We see this in the rat race in the stock market over the past six months, the sharp decline in bond prices, the fading of the cryptocurrency market and the cooling of house prices. Many, like Summers and JP Morgan’s Jamie Dimon, predict that bottom is not yet in sight.
We see it in the dramatic drop in investor demand for “leveraged loans” used to fund corporate buyouts and stock buybacks, forcing some of Wall Street’s biggest banks to suffer hundreds of millions of dollars in losses on loans they made but could not resell.
In March 2021, Archegos Capital Management shook stock markets and caused tremors at some of Wall Street’s biggest banks when it was unable to find the cash to cover losses on its highly speculative portfolio of derivative contracts known as “total return swaps”. In the end, hedge fund officials were charged with securities fraud and Credit Suisse was forced to take a loss of $5.5 billion, Nomura Holdings of $2.8 billion, Morgan Stanley of almost a billion dollars and the UBS group of 774 million dollars.
The Fed and the Treasury are particularly concerned about the decline in interest in the Treasury bill market. Foreign central banks and insurance companies whose returns are reduced by the rising value of the dollar are gone. Commercial banks seem to have decided that they would rather continue to lend money to businesses and consumers than to the Treasury. And as always happens when rates rise, pension funds and fund managers are hesitant to buy treasury bills earning 4% interest when they are fairly certain they will soon be able to buy bonds yielding 5% interest.
Treasuries shakes worry Wall Street and Washington
In response, the Fed attempted to increase the amount of readily available cash circulating in the financial system by encouraging banks to borrow against the bonds they already own without having to sell them. There is also speculation that the Fed could relax regulations requiring banks to set aside some of their own capital to cover the risk of loss in the value of Treasuries. At the Treasury, meanwhile, officials are considering the unusual move of borrowing new money to buy back old bonds for which demand is particularly weak.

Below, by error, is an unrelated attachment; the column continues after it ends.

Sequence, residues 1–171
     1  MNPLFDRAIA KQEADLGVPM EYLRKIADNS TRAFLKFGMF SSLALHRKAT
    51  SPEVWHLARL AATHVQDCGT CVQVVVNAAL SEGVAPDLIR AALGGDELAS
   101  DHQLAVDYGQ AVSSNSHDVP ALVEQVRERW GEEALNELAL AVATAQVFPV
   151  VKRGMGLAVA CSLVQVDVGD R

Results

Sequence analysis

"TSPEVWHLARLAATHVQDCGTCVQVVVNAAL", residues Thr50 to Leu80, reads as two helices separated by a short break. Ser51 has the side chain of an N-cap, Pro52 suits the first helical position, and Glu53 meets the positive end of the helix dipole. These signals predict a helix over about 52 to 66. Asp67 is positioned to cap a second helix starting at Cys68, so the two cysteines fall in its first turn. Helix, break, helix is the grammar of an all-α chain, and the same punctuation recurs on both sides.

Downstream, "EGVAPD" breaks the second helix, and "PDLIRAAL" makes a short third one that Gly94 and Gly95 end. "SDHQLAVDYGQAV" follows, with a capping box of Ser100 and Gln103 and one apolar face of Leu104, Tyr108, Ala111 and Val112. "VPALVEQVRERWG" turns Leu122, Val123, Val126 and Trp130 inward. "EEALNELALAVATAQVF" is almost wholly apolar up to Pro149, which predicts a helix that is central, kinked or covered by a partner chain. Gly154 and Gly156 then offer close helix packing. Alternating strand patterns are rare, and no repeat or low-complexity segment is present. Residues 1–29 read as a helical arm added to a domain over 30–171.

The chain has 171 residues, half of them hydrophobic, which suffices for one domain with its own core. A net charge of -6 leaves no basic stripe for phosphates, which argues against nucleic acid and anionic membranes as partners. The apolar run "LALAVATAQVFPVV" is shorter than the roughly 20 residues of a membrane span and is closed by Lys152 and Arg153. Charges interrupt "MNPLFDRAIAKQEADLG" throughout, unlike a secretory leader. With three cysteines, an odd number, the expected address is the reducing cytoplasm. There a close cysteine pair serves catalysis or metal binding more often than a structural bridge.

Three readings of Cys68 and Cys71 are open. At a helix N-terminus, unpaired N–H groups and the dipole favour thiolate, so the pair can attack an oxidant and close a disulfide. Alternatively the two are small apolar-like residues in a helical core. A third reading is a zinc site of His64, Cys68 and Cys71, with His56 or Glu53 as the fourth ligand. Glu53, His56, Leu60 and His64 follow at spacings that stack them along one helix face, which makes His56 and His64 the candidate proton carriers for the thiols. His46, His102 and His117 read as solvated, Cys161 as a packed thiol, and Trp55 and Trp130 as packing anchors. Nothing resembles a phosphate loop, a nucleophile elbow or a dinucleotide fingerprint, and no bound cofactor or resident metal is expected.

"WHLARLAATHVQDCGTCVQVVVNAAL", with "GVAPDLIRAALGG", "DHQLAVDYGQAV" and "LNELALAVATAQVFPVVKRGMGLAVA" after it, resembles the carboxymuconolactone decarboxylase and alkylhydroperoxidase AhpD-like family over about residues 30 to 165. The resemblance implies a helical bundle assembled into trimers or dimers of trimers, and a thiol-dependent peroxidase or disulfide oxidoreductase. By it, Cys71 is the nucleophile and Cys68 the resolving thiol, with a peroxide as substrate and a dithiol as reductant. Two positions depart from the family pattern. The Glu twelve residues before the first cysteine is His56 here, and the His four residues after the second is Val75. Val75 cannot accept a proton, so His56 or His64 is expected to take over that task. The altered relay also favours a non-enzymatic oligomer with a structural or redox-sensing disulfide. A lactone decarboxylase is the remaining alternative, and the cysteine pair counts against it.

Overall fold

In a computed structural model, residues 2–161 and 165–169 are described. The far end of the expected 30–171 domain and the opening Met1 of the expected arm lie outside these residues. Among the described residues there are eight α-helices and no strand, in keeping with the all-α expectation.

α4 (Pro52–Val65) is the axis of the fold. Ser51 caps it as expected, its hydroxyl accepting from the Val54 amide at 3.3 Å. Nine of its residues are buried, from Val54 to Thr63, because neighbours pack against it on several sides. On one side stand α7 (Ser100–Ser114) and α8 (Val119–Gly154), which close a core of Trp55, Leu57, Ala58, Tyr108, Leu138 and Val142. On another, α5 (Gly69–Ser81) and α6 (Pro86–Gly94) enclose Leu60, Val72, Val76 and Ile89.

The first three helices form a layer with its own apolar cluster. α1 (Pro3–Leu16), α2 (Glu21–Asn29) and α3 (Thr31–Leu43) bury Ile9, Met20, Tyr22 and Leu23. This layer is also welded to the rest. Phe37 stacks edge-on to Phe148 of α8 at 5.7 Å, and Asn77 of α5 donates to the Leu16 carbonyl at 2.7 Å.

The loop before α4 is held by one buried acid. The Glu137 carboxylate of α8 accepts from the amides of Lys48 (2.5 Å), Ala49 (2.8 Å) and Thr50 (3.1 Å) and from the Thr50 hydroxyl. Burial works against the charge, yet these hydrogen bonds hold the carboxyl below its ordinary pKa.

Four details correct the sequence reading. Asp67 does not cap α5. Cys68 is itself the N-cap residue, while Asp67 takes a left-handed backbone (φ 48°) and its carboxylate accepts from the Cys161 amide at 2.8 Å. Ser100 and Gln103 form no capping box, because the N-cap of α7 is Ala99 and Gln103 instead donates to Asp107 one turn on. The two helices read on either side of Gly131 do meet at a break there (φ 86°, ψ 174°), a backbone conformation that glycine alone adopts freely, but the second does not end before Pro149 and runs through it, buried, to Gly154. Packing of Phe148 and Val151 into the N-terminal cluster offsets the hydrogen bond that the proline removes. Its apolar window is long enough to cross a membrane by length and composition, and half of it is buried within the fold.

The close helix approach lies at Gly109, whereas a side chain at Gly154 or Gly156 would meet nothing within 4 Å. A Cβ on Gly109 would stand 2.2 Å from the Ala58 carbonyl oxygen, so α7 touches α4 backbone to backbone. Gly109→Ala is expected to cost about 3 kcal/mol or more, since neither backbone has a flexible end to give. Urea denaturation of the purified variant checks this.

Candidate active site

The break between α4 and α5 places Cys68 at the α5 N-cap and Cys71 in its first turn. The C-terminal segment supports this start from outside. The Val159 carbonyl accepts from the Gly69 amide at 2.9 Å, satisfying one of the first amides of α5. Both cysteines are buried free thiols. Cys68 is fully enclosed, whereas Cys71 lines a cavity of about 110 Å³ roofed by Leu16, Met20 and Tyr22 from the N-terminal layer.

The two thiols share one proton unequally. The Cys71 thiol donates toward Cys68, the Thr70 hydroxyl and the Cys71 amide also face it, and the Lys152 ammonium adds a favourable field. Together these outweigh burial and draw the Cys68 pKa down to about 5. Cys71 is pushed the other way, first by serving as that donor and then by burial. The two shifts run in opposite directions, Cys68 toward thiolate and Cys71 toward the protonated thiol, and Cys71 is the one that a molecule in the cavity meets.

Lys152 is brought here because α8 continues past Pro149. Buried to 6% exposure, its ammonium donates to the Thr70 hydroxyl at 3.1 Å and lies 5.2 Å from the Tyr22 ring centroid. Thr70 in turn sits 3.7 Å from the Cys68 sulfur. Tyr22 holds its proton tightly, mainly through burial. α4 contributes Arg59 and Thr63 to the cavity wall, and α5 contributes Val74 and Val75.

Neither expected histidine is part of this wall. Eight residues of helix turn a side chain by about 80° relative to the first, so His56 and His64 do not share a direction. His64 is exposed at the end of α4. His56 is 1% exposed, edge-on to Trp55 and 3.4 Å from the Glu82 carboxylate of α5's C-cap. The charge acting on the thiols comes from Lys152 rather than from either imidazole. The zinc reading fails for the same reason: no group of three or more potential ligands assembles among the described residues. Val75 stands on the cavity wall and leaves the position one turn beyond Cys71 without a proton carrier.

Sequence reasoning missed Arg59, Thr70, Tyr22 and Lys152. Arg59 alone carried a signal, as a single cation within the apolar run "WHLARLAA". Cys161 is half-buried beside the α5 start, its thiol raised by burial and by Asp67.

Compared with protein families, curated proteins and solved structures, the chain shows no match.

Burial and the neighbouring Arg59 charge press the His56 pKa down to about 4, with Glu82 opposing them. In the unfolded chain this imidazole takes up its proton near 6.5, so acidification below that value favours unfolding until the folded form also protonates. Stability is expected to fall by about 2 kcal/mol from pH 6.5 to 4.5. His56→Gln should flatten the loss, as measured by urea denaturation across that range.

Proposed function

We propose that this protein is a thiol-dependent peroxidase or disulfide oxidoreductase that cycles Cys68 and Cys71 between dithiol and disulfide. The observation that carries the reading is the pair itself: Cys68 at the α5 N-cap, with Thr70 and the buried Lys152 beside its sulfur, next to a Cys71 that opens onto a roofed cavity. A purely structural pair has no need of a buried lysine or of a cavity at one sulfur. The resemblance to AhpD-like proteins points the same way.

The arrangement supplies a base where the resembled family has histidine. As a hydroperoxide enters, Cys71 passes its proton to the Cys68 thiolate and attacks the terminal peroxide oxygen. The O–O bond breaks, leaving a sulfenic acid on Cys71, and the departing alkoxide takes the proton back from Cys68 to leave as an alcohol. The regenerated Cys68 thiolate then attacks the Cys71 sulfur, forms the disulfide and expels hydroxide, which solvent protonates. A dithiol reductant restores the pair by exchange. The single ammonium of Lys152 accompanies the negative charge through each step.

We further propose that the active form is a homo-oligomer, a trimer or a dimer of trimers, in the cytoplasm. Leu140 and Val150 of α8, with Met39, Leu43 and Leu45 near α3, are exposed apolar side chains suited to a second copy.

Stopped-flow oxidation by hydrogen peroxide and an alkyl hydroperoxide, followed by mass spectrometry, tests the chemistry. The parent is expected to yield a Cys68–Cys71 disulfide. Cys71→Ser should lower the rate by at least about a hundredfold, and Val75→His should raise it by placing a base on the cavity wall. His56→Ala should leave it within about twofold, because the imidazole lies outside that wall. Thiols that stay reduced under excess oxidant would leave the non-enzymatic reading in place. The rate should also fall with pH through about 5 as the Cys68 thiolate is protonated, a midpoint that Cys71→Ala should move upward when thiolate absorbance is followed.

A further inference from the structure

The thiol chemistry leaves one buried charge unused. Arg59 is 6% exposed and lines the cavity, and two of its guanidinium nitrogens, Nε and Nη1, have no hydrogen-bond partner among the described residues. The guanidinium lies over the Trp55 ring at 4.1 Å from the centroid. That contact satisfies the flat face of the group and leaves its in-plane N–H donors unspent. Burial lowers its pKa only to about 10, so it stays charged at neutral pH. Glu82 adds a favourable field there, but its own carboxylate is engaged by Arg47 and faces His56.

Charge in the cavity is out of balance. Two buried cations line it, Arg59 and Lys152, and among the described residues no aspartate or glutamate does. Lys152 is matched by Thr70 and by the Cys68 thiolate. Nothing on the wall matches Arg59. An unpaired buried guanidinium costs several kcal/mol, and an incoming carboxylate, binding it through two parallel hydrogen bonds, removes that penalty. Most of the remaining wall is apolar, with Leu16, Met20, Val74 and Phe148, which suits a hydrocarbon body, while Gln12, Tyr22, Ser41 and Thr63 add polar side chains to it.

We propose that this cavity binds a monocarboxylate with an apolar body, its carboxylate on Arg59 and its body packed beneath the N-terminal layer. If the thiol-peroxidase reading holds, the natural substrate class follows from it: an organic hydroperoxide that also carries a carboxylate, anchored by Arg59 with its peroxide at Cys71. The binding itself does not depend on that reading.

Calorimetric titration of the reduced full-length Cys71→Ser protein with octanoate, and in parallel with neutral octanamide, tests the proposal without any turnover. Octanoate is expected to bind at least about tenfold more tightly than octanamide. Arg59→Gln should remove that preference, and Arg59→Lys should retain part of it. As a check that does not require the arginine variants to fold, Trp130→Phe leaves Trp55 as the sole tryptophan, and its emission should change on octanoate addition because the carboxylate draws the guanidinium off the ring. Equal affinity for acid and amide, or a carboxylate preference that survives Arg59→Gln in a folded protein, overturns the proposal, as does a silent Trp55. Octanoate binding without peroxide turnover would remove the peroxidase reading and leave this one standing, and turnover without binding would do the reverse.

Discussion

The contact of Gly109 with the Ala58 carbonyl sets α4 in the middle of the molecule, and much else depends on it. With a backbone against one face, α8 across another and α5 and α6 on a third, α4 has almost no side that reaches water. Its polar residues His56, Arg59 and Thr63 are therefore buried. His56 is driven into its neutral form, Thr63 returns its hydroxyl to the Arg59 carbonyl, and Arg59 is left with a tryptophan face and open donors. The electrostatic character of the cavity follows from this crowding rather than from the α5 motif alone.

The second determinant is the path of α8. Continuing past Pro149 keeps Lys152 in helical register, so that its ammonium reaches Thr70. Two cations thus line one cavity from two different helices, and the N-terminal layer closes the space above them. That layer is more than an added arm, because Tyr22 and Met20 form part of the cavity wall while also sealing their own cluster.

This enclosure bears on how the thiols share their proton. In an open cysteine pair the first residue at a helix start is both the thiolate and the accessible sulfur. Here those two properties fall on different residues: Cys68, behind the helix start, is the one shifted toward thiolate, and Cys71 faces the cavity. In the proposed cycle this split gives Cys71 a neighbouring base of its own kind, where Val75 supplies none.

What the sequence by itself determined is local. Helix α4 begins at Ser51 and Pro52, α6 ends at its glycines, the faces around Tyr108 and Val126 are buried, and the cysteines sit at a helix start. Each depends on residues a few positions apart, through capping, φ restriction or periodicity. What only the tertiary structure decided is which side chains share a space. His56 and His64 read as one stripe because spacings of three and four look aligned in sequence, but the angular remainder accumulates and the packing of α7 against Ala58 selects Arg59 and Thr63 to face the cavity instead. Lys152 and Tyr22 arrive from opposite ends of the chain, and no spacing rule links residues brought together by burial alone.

All this worry about a financial crisis is putting pressure on the Fed to ease its plan to continue raising rates in the first half of next year and – perhaps even more importantly – cancel plans to sell $1 trillion in treasury bills and mortgage bonds he accumulated to stave off financial crises in 2008 and again in 2020. This strategy, known as “quantitative easing,” ended up flooding the $8 trillion financial system created out of thin air.
So far, Fed officials have signaled their determination to continue selling bonds and removing that cash from the economy, at least until there are clear signs of a slowdown in the economy. ‘inflation.
“They’re going to push until something breaks,” said Scott Minerd, chief investment strategist at Guggenheim Partners.
If and when that breaking point is reached, have no doubt that the Fed – like the Bank of England – will step in as a lender of last resort and promise to do “whatever it takes” to restore order to the trading in financial markets. And with that, the Fed will have been forced to call a ceasefire in its war on inflation and put a floor under the price of financial assets.
What President Jerome H. Powell and his colleagues are now discovering is that it is much easier to inject trillions of dollars into the economy to avert a calamity than it is to claw that money back once the crisis is over. Once banks, businesses and investors have come to rely on this money and build their financial arrangements around it, any effort to withdraw it can cause a “money rush” as people are rushing to sell their holdings before prices fall even further.
And like any old-fashioned bank, if everyone shows up at shadow banking to ask for their money, they’ll find the money isn’t there – not because it’s been lost, but because was lent to someone else. The essence of every financial crisis is a kind of bank run.
The challenge the Fed now faces is how to withdraw its money from the financial system without scaring everyone into withdrawing theirs.
Steven Pearlstein is a former business and economics columnist for The Post. He is now the Robinson Professor of Public Affairs at George Mason University.